You can’t always rely upon the small print

by

03-08-2012

By Andrew Shipp

In today’s digital world, children are often techno savvy beyond their years and can undertake certain tasks that surprise their parents.  However, Colin Cochrane received a bigger surprise than most, when he found himself £50,000 in the red after a five year old got into his online spread betting account.

Mr Cochrane had set up an account with Spreadex, an online spread betting bookmaker, which allows the public to bet on rises and falls in the price of stocks and shares.  Soon after setting up his account, Mr Cochrane showed his girlfriend’s young son how it worked.

But the demonstration was something he would regret, as having left his computer switched on, he returned a short while later to find his account was £50,000 in the red.  It turned out that the youngster had racked up the losses by trading in gold, oil and silver whilst he was away.

Although Mr Cochrane immediately rang the bookmaker and explained what had happened, Spreadex were unsympathetic and issued court proceedings against him to recover the £50,000.  They argued that Mr Cochrane had no defence to the action, because clause 10.3 of their consumer contract said ‘you will be deemed to have authorised all trading under your account.’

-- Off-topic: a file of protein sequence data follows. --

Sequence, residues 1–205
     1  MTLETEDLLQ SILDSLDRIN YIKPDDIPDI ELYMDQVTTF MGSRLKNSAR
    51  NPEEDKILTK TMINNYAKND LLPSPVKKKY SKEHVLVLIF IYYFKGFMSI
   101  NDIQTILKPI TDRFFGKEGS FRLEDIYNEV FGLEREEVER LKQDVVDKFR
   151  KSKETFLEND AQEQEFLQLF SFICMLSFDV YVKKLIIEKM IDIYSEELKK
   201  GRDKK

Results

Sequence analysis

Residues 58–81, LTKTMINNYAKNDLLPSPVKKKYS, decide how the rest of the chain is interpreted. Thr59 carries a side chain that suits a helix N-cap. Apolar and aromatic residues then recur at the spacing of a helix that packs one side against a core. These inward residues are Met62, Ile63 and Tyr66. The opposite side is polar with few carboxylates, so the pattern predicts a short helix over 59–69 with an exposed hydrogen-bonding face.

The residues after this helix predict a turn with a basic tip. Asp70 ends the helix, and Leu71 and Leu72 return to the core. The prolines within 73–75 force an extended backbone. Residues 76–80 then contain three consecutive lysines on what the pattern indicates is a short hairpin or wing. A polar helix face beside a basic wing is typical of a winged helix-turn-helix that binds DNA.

However, the judge in Spreadex Ltd v Cochrane [2012] ruled that the consumer contract was unfair and unenforceable under the Unfair Terms in Consumer Contracts Regulations 1999, saying that the 49 pages of T&Cs was an “unfair contract”.

First, he found that there was an imbalance between the parties’ rights and obligations, as Spreadex did not assume any obligations, but the consumer assumed considerable risks without gaining any rights.  The judge accepted that Spreadex was entitled to protection against unauthorised use of the account but said that the clause 10.3 was too broad.

Secondly, the judge held that the way in which the clause was presented was unfair.  A customer signing up to the site was invited to click to view the consumer contract and three other documents.  The judge said that most customers would proceed without viewing the document and, even if they did look at the documents, they would be faced with lengthy and complex clauses.  It would be a miracle, said the judge, if Mr Cochrane had read clause 10.3 let alone understood its implications.

Commercial litigation expert Andrew Shipp of Gardner Leader LLP says “Where consumer contracts are presented with no opportunity for the consumer to contest or alter the terms, as happens with online trading, there may be a temptation on the service provider to place all emphasis on the consumer’s duties and requirements and think that protects them.”

“However, the legal position is that all the terms must be fair and reasonable and must make allowances.   In addition, the terms must be clear and the harsher the provisions are, the clearer they must be if companies want the Court to be on their side.  This case should act as a wake-up call for companies who rely on contract terms that are buried in the small print.”

For further information, please contact Andrew Shipp.

You can also find Andrew on Google+


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